Learn more about the impact of senior food insecurity.

Over the last 5 years, the Food Bank has seen consistent growth in the number of seniors served through the Food Share program. In fact, the number of seniors visiting Food Share has increased nearly 25% in five years. As more baby boomers retire, the Food Bank expects the trend to continue. In addition to providing food for more seniors through the Food Share program, the Food Bank has been looking for other ways to address senior food insecurity. The partnership with VOA aligns well with the Food Bank’s goal to meet the needs of seniors.

Over the next 12 months, the Food Bank anticipates preparing 500 meals per week. Based on population projections and increased participation, by 2020 the Food Bank intends to grow this program by 20%. The twenty-year program goal is to serve over 800 meals per week to meet the increasing needs of seniors.


Program LaunchVOA Senior Meals

In preparation for the new program, the Food Bank’s Community Kitchen Chef, Justin Kruger, spent the last few weeks meeting with participants to learn more about the types of foods they would like to see on the menu. Kruger looks forward to developing crowd-pleasing menus. Overall, his goal is to increase program participation by offering meals that guests look forward to each week.

To celebrate the new partnership and kick off the new menu, each VOA site is hosting a party complete with raffle prizes, music, and games led by students from Rocky Mountain High School. With the kick off parties, VOA is hoping to attract new guests and bring back others who had stopped attending over the years.

VOA meal sites are open to anyone 60 years of age or older for a suggested donation of $2.50, however, no one is turned away. Meals are offered various weekdays at 12 noon at sites in Fort Collins, Loveland, Bellevue and Wellington. See complete details.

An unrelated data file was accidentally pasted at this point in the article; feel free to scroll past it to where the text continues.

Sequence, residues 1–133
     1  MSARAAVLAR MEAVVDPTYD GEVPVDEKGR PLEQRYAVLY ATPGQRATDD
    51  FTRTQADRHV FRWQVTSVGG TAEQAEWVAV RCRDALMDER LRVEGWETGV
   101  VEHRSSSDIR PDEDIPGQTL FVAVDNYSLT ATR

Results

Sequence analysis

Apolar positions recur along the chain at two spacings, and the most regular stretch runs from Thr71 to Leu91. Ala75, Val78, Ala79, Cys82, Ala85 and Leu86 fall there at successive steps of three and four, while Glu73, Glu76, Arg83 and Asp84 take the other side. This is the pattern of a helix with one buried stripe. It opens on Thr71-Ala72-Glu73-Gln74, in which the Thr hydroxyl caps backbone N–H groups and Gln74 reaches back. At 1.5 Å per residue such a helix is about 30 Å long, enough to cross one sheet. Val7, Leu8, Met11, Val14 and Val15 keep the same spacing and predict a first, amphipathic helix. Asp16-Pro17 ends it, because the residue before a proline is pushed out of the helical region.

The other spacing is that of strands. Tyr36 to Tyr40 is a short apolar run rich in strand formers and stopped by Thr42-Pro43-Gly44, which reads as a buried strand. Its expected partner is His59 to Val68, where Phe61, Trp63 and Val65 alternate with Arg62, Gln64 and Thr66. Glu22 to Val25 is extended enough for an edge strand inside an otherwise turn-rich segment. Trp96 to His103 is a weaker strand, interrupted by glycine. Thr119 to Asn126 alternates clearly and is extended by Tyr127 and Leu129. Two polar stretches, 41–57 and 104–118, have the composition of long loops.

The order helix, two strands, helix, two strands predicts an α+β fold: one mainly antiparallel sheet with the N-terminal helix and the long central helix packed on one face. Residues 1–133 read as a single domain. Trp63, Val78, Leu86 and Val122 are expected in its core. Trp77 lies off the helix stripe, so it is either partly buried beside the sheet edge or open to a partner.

To ensure no senior is hungry, the Food Bank needs your support. Find out how you can get involved. With your help, we can ensure the well-being of every senior in our community.


What the Food Bank Means to Me: Janel’s Story


Janel was raised to mistrust “the system” – government, banks, schools, etc. Her family lived in isolation and moved frequently throughout Nebraska and Colorado.  She was homeschooled through 8th grade because her family didn’t encourage a need for education beyond that point.

At age 20, Janel had her own cleaning business and moved out on her own. The next year, she married and soon after they began a family. She grew up believing that within a marriage, her primary role would be as a supportive wife and mother. She proudly embraced her part and willingly gave up her cleaning business while her husband worked to provide for their household. As their family grew, it was harder to make ends meet on one income. Her husband also began to face health issues, which limited the hours he was able to work.Story of Hope

About six years ago, shortly after moving back to Colorado, Janel learned about the Food Bank. By that time, their family had grown to eight. “A friend told me the Food Bank provided fresh fruit, so I decided to give it a try.” Since that first day, Janel has been a guest of the Food Bank’s Food Share program every week.

“Growing up in such isolation and being taught to mistrust the outside world, I was very moved that there was a place that would offer this kind of help to me and my family. The quality of the food provided is amazing, we love the fresh produce, the brown rice and the whole grains. I’m so inspired by the volunteers who give their own time to help. It feels good to know my family and I are not alone and that there are people who care.”

Hope for the Future